Mark Gritter (markgritter) wrote,
Mark Gritter

Paying for celebrity speakers has nothing to do with free exchange of ideas

I've attended more than my share of college commencements. I was in the college concert band (I think they call it "wind orchestra" now), which played at the graduation ceremony, for four years. I attended my wife's graduation, and those of my three siblings. I can fairly say that despite speakers whose quality ranged from Elie Wiesel to Margaret Geller to random-college-donor-who-came-out-against-smoking, commencements are not about the "exchange of ideas". Protesting about your college's choice is fairly pointless. But not quite as pointless as inviting a celebrity speaker whose message will soon be forgotten, particularly if you pay for the privilege.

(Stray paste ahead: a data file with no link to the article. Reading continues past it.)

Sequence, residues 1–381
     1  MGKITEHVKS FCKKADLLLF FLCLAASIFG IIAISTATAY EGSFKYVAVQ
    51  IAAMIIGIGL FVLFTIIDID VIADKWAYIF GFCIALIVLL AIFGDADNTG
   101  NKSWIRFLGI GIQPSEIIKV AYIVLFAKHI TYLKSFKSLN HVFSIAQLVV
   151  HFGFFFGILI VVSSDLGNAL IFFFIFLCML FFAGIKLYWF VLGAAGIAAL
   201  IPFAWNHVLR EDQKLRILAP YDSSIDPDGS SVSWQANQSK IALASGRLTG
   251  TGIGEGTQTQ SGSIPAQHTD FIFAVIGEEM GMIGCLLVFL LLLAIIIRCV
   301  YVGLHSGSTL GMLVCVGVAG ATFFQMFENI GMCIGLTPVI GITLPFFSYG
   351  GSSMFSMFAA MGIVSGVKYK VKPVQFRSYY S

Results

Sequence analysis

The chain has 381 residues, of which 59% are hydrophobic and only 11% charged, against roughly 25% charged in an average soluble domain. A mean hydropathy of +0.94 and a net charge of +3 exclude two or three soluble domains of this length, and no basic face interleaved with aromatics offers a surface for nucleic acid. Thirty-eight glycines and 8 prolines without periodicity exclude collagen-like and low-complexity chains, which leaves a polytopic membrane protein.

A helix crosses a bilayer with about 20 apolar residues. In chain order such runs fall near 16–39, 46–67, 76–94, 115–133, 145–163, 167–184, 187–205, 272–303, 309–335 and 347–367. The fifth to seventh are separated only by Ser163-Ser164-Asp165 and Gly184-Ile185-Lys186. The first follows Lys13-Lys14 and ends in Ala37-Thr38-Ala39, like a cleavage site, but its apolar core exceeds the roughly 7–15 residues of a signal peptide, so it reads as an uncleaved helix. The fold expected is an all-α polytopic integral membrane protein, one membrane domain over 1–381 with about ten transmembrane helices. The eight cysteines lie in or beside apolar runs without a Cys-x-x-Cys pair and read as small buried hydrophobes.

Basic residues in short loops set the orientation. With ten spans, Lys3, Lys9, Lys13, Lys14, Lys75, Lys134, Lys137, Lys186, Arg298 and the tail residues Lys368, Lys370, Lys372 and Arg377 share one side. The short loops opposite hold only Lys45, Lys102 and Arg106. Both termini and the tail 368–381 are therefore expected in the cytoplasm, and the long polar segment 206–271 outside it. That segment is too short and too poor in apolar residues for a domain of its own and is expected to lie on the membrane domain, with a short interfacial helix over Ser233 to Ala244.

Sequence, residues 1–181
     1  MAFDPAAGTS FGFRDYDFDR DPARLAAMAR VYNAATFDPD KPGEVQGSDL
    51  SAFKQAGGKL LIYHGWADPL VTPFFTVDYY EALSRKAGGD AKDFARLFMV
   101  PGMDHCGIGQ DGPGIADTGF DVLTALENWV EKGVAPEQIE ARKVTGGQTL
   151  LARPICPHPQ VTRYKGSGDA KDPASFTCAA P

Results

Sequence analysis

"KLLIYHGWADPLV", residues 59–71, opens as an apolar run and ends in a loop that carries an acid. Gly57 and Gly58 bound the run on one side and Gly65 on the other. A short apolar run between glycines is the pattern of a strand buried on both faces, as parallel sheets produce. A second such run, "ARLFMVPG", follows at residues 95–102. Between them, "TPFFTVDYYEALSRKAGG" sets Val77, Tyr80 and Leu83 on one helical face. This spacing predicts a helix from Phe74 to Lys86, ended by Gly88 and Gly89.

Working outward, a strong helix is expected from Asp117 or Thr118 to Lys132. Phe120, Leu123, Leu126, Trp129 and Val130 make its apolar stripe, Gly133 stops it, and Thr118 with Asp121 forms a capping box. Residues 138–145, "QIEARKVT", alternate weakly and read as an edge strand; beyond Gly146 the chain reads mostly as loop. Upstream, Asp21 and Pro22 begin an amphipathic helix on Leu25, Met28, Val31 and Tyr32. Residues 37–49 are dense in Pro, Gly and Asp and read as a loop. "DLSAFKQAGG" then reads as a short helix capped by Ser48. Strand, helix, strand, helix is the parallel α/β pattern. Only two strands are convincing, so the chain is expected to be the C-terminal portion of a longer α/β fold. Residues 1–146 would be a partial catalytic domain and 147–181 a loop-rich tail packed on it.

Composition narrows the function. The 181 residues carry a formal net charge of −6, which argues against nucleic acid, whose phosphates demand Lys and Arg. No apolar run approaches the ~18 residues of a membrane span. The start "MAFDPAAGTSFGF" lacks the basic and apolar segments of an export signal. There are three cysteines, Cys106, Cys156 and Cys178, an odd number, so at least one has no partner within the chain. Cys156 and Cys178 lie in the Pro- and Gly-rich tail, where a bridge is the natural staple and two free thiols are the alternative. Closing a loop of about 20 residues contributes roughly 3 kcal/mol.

It's marginally better to invite a (former) politician for a formal talk. But those events aren't about "free exchange of ideas" either. It's embarrassingly disingenuous for colleges to try to defend the visit of a controversial figure on those grounds. The speakers who get big fees to show up and defend their record (or, theoretically, speak about some other area in their expertise) aren't picked to represent a broad diversity of views. No struggling activist for an unpopular cause gets a $150,000 speaking fee, and are likely not even invited to the same forum. Lecture series are a tool of the establishment if ever there was one.

So while I roll my eyes at the recent controversy over Condoleezza Rice's speaking engagements (U Minnesota and Rutgers), the language of free debate being used in service of funneling money to ex-politicians leaves a bad taste in my mouth.
Tags: rant
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